For example, an eight-day itinerary with Insight Vacations, "New England's Spectacular Fall Foliage" schedules stops at a maple sugarworks and cider mill in Vermont, a tour of the Norman Rockwell Museum in the Berkshires of Massachusetts, and a tramway ride up New Hampshire's Cannon Mountain for some sky-high leaf peeping. Prices for this trip begin at $1,975, with departures from Sept. 19 to Oct. 17. Other fall foliage itineraries, including those offered by Globus and Trafalgar, stretch into eastern Canada for an exploration of the Maritime Provinces.

A favorite fall event in the Southwest is the Albuquerque International Balloon Fiesta, an annual fete for hot-air balloon pilots and fans in central New Mexico. For one week each October, the skies above Albuquerque are filled with rainbow hues and a few odd shapes -- balloons that resemble cows, fire trucks and enormous soda cans are just a few of the nearly 600 crafts on display. While races and flying competitions are a big part of the Fiesta, the daily "balloon glow" -- a sunset ascension of hundreds of balloons, each illuminated by the burners or gas fires within -- draws the biggest crowd. Local rock bands, Native American tribal dancers and other entertainers also turn out, joining kid-friendly education programs and pilot meet-and-greets on the daily entertainment schedule. Otherwise, visitors are content to stroll Albuquerque's 78-acre launching field and see the wonder of hot-air ballooning up close.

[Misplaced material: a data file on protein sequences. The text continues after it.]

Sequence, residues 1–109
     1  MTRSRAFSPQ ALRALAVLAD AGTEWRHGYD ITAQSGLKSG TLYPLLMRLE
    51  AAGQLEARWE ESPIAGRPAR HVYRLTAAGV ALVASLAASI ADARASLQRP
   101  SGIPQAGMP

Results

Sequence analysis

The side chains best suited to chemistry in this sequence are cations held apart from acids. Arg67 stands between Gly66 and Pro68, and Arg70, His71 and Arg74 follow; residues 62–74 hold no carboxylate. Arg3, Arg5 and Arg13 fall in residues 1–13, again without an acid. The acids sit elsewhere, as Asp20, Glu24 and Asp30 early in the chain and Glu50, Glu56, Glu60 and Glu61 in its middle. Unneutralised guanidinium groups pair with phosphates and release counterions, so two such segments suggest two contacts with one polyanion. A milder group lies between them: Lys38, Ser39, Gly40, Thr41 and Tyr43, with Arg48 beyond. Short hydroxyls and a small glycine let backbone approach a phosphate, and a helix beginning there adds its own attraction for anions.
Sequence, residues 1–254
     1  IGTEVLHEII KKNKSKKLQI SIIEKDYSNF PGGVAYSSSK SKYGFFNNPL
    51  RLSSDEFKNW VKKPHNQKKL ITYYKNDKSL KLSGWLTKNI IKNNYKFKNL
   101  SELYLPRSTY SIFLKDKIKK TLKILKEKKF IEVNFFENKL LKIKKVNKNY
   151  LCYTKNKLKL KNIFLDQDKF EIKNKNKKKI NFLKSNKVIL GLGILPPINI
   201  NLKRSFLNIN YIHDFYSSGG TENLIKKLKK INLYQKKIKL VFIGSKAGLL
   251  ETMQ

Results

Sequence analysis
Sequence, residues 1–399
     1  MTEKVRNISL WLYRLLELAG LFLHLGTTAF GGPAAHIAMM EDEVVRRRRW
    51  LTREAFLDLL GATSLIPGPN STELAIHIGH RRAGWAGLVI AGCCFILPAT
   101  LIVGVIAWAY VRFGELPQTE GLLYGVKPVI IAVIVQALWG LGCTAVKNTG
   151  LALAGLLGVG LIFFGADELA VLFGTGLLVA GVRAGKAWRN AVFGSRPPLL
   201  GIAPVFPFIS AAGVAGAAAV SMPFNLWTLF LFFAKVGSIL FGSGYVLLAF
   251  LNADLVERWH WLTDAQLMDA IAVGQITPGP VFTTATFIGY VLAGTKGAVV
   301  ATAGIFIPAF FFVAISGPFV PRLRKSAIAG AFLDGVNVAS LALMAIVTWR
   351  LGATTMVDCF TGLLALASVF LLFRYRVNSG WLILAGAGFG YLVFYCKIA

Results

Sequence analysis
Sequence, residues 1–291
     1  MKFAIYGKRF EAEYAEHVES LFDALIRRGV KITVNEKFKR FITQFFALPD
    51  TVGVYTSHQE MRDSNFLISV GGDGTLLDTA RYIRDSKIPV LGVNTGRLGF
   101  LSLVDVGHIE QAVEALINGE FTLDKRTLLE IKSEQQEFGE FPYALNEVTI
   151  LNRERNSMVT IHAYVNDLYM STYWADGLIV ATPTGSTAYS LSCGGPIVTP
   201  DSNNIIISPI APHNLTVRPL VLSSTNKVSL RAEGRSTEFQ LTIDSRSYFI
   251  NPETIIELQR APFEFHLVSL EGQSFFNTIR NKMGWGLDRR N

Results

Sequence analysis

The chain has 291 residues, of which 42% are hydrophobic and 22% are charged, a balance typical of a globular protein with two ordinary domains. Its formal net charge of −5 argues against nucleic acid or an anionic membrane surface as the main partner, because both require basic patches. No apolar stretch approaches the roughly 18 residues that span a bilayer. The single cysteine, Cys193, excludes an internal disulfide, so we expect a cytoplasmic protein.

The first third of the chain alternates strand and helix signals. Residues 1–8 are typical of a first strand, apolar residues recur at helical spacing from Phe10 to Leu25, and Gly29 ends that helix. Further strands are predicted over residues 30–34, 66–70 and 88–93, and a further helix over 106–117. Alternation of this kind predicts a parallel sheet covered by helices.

The five-day "Albuquerque Balloon Fiesta" from Globus combines the event with an excursion to Santa Fe, where a walking tour of the city explores the Palace of the Governors, San Miguel Mission and the local arts scene. One departure is offered, on Sept. 30, with prices starting at $1,159.

A lively autumn escape awaits in Germany, where Oktoberfest promotes the nation's food, drink, music and dance. Munich, the historic capital of Bavaria, is bursting with beer halls. One of the most popular, the state-owned Hofbrauhaus am Platzl, has poured suds and passed out hot pretzels since 1897. It erects one of the largest tents in town for al fresco Oktoberfest celebrations, which take place Sept. 18 through Oct. 3.

A seven-day budget camping vacation from Contiki Holidays, "Oktoberfest Munich," travels from London to Germany to take in the Brewer's Parade, the ceremonial tapping of the festival's first keg and the Bavarian Parade, a celebration of the region's costumes and customs. Participants also can make a side trip to King Ludwig's Neuschwanstein Castle, said to be the model for Disneyland's iconic fairy-tale castle.